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Nursing and allied health fall prey to NSW cuts

Date Updated:
 

Jillian Skinner

The general secretary of the NSW Nurses Association has questioned promises made by NSW Health Minister Jillian Skinner that nurses’ jobs will be protected in the state’s health sector cuts.

Brett Holmes said the minister, while insisting nurses’ jobs be protected, had given responsibility for $775 million in budget cuts over four years to Local Health Districts (LHDs). The move is expected to see $89 million shaved off the budget for NSW hospitals this year.

With the NSW budget only announced around a fortnight ago, the results were already emerging, Holmes said. Nurses in key positions were being offered voluntary redundancies by their LHDs, while many hospitals and health facilities were witnessing dramatic cutback measures.

“In the Hunter New England area, they are picking positions
of high value such as clinical nurse consultants and nurse managers and offering voluntary redundancies.''

“At Manning Rural Referral Hospital in Taree, all staff were asked to come forward regarding voluntary redundancies. Staff were also lectured about not taking sick leave. They were told that if they have a cold they should wear a mask and come to work. They were also told that anyone who is sick needs a medical certificate. When you consider that this entails asking rural doctors to spend administration times giving nurses a certificate, it gets into the realms of the ridiculous.”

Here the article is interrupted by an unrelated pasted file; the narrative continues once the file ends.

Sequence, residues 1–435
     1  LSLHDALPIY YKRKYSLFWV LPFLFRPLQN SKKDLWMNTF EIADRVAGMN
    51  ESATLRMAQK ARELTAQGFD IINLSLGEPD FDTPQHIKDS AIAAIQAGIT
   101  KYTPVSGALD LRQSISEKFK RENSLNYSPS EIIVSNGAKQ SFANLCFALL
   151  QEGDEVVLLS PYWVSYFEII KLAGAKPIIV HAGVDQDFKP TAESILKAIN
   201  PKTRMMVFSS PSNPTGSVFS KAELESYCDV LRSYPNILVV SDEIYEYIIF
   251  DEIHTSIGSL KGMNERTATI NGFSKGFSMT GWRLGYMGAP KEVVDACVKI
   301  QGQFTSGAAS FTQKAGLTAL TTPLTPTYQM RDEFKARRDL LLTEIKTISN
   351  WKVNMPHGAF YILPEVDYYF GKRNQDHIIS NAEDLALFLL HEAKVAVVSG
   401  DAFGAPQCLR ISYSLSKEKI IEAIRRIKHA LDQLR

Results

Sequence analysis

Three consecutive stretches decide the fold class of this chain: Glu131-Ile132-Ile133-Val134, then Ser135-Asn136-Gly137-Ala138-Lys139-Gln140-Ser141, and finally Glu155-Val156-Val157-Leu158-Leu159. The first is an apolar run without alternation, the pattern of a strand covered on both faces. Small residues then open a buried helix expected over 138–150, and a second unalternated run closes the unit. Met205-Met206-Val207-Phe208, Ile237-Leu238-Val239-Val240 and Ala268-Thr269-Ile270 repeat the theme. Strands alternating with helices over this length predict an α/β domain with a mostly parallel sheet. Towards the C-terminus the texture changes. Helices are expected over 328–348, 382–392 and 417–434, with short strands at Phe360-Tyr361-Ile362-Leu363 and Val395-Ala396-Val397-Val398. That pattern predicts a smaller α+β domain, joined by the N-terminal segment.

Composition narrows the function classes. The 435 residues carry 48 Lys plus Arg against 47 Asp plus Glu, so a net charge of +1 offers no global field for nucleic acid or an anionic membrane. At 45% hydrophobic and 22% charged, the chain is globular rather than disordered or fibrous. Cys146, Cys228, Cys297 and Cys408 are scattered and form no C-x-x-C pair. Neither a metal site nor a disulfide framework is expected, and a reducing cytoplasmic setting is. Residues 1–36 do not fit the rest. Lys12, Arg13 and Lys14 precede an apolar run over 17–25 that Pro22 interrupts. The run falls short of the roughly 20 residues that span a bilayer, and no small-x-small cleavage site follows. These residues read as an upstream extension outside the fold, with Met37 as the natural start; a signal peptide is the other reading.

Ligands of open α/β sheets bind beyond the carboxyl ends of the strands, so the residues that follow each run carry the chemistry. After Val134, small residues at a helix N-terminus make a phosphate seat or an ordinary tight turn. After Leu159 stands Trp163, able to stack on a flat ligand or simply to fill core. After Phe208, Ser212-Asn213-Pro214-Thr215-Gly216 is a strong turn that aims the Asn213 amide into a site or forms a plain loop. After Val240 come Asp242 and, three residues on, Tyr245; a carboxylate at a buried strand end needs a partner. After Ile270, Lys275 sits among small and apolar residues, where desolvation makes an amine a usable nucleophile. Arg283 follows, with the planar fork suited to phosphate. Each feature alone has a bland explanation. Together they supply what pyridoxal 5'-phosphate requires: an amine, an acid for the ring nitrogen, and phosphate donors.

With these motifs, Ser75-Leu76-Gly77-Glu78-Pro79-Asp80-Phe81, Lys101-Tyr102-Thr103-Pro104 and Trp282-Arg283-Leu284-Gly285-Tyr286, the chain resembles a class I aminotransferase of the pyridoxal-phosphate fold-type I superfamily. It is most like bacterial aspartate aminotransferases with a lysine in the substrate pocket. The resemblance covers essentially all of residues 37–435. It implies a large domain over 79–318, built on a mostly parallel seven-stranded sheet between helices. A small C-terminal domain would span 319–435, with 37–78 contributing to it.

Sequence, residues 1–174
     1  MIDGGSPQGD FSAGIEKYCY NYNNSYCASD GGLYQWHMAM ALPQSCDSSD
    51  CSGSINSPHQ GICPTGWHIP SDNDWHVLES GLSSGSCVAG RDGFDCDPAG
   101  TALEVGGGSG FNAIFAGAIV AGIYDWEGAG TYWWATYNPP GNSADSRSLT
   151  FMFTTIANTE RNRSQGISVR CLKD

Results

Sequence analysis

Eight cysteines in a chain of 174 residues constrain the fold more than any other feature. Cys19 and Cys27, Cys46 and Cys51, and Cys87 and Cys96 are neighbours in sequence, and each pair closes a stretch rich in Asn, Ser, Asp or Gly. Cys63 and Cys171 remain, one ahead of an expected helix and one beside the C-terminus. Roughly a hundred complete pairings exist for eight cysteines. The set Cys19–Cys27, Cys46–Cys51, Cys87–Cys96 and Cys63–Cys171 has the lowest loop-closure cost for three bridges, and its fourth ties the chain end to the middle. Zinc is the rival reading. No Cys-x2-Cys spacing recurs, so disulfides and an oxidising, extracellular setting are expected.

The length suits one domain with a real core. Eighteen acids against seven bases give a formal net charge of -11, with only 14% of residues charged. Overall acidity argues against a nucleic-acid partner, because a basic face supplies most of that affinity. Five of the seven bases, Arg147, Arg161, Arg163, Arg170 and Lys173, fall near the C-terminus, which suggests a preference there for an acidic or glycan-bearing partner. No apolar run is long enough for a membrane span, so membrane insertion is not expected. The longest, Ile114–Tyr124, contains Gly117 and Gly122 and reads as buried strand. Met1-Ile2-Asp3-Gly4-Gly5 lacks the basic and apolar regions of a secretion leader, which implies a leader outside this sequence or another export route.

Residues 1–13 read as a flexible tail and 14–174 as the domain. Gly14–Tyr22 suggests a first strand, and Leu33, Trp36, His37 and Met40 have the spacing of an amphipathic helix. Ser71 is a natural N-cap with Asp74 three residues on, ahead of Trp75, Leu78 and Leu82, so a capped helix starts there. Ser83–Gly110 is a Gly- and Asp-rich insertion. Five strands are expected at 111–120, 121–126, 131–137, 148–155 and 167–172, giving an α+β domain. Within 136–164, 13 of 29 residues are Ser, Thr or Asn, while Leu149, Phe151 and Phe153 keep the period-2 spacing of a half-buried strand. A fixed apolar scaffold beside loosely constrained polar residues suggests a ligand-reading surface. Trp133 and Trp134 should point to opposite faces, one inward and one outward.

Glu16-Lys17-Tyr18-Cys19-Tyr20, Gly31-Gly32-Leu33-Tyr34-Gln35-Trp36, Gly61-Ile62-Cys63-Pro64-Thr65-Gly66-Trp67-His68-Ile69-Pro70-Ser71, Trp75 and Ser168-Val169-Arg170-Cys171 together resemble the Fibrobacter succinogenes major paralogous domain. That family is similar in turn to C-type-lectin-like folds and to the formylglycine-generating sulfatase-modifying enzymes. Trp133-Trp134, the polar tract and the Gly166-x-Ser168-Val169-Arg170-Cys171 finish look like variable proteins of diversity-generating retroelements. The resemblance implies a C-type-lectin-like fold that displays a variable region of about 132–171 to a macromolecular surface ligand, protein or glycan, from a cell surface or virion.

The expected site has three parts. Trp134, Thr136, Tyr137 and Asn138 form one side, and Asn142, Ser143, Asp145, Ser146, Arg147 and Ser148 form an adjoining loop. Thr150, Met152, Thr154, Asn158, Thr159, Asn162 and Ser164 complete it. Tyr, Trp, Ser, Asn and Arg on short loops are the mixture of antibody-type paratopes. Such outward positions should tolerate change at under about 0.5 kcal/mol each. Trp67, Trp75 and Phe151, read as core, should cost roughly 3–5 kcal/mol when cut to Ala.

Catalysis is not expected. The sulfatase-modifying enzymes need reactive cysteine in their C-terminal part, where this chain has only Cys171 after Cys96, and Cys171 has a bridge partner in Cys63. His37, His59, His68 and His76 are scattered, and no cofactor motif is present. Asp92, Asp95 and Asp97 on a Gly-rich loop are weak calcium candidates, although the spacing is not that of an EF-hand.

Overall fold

Holmes said the state was already suffering from chronic staff and resources shortages.

The NSW labour expense cap, which the NSW Premier Barry O'Farrell has imposed on all departments, is on top of $2.2 billion in savings over four years NSW Health has been asked to make. The $2.2 billion in savings will be redirected to frontline services.

Minister Skinner has reportedly acknowledged that a 5.4 per cent increase in this year's health budget, to deliver $16.4 billion in recurrent spending, will not keep up with rising costs and patient demand. Hospitals will be expected to deliver an extra 50,000 emergency department visits, 30,000 overnight hospital stays and 2000 elective surgery procedures this year.

Meanwhile the opposition spokesman on health, Andrew McDonald, reportedly estimated the government would shed about 3600 jobs - or 3 per cent - over four years. ''Many of these people are frontline workers,'' he said. ''Allied health will bear the brunt of the cuts.''
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